One of the biggest challenges managers face is realizing that their actions are no longer their own. You may not notice it, but your staff is watching what you do and say every day. You’re setting the tone and culture of your office and so you might want to double check if you really set the right example.
Ask yourself the following:
1. Do you tell everyone to leave their work in the office, but send out emails and requests after hours? Maybe the best time for you to get things off your desk is after hours at home, but every time you send out “work” at night or weekends, your staff feels perpetually on call. Try to create all your emails but save them as drafts and send them during the regular workday.
2. Do you tell everyone to stay positive, but criticize people outside your team? You’re only human after all. If you don’t like someone in another department, what’s the harm in airing your complaints? By doing so, you’ve said it’s okay to talk about someone behind his or her back and be publically negative. Neither is okay. Voice your opinion at home and be neutral in the office.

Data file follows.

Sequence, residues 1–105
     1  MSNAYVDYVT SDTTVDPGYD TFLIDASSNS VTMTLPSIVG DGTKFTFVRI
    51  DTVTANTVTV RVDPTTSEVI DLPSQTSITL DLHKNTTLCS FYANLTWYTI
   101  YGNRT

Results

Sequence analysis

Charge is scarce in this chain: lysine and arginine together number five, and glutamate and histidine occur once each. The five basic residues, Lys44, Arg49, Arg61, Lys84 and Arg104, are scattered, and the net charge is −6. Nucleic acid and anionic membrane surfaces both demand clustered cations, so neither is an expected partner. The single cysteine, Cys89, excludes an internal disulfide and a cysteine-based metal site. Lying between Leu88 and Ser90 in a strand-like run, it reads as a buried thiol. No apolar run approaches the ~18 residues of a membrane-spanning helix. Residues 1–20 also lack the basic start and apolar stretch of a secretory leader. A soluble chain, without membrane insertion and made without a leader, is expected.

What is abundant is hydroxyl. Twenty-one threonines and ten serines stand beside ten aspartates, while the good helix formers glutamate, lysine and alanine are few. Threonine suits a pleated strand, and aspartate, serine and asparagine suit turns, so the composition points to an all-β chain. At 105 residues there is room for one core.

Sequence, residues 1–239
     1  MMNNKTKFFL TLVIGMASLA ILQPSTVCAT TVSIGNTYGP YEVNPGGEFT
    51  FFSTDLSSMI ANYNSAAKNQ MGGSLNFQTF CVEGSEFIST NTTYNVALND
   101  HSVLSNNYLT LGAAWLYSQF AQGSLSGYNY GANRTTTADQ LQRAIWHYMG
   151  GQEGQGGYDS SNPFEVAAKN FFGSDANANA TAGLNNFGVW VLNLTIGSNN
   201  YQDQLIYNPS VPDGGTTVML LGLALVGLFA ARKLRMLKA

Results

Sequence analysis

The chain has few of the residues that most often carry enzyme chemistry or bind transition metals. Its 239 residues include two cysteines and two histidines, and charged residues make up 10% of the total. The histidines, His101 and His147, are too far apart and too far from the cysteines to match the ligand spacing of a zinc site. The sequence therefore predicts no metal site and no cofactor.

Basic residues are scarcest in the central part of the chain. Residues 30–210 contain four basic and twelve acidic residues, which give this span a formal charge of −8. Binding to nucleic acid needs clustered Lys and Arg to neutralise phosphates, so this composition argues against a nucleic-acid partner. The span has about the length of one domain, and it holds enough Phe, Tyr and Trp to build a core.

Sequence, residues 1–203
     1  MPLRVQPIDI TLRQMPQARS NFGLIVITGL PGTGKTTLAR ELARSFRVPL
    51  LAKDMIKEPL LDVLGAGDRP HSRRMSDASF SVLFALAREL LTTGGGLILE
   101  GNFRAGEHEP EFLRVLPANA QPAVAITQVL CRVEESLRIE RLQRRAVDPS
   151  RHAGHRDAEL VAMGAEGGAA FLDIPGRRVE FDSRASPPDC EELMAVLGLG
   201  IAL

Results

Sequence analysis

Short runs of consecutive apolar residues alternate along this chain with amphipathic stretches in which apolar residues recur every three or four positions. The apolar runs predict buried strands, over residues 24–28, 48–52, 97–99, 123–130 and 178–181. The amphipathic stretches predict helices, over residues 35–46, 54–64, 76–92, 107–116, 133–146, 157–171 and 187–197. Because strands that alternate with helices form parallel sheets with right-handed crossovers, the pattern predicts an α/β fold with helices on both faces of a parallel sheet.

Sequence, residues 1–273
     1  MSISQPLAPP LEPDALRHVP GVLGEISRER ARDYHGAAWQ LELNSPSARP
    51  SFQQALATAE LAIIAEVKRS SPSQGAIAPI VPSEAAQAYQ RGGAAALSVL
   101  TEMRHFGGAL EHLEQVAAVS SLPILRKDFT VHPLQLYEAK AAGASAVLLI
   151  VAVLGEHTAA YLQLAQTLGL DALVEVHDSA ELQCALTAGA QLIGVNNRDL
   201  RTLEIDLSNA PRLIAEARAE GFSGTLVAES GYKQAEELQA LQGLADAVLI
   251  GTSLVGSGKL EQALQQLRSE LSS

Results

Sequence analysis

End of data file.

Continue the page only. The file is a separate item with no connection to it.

3. Do you lament the fact that work is “just not as fun as it use to be“ but never laugh openly? You don’t need to tell jokes to find the humor in every day work life. Make it okay to laugh at yourself. Be creative about finding ways to pull the team together, have a crazy contest or share funny articles you’ve read. If your team is not having fun, it’s likely because you’re not.
4. Do you hold everyone accountable for being responsive but fail to return phone calls or emails? When I ran a sales force, I was diligent about retuning calls within 24 hours. Same for emails that required action. As the manager, if you aren’t disciplined about responsiveness, no one else will be either.
5. Do you want solutions for any complaints, but only offer critical feedback? It’s great to tell your staff they are free to criticize a policy or process, but only if they offer a solution. On the other hand, when you’re providing feedback, do you only tell your employee what they’re doing wrong and not offer advice or steps to improve?
You’ve always heard that actions speak louder than words and it’s never truer than a manager’s actions in front of his or her staff. So stop talking about what you want and start living it.